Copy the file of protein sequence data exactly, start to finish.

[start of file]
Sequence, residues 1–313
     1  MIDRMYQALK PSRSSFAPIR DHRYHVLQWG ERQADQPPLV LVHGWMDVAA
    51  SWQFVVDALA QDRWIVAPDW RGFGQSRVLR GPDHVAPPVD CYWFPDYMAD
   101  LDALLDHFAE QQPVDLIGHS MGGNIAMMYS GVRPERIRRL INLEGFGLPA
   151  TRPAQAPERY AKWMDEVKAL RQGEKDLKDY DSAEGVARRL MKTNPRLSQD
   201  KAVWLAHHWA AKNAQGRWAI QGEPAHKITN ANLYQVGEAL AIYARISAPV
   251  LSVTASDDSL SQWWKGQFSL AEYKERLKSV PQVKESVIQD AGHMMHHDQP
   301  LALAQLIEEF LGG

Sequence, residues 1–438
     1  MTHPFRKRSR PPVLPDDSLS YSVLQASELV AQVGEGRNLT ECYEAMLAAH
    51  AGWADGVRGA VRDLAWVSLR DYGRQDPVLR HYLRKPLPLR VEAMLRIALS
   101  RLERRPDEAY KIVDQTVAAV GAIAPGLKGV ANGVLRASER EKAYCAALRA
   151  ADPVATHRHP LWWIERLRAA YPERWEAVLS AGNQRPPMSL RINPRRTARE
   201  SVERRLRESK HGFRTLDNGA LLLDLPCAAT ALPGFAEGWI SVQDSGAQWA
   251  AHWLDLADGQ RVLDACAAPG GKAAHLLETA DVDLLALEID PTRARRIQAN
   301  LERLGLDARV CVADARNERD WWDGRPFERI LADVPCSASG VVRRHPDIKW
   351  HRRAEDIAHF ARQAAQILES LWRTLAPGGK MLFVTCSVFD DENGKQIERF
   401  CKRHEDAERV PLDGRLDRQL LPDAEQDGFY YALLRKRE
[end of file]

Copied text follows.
Sequence, residues 1–313
     1  MIDRMYQALK PSRSSFAPIR DHRYHVLQWG ERQADQPPLV LVHGWMDVAA
    51  SWQFVVDALA QDRWIVAPDW RGFGQSRVLR GPDHVAPPVD CYWFPDYMAD
   101  LDALLDHFAE QQPVDLIGHS MGGNIAMMYS GVRPERIRRL INLEGFGLPA
   151  TRPAQAPERY AKWMDEVKAL RQGEKDLKDY DSAEGVARRL MKTNPRLSQD
   201  KAVWLAHHWA AKNAQGRWAI QGEPAHKITN ANLYQVGEAL AIYARISAPV
   251  LSVTASDDSL SQWWKGQFSL AEYKERLKSV PQVKESVIQD AGHMMHHDQP
   301  LALAQLIEEF LGG

Sequence, residues 1–438
     1  MTHPFRKRSR PPVLPDDSLS YSVLQASELV AQVGEGRNLT ECYEAMLAAH
    51  AGWADGVRGA VRDLAWVSLR DYGRQDPVLR HYLRKPLPLR VEAMLRIALS
   101  RLERRPDEAY KIVDQTVAAV GAIAPGLKGV ANGVLRASER EKAYCAALRA
   151  ADPVATHRHP LWWIERLRAA YPERWEAVLS AGNQRPPMSL RINPRRTARE
   201  SVERRLRESK HGFRTLDNGA LLLDLPCAAT ALPGFAEGWI SVQDSGAQWA
   251  AHWLDLADGQ RVLDACAAPG GKAAHLLETA DVDLLALEID PTRARRIQAN
   301  LERLGLDARV CVADARNERD WWDGRPFERI LADVPCSASG VVRRHPDIKW
   351  HRRAEDIAHF ARQAAQILES LWRTLAPGGK MLFVTCSVFD DENGKQIERF
   401  CKRHEDAERV PLDGRLDRQL LPDAEQDGFY YALLRKRE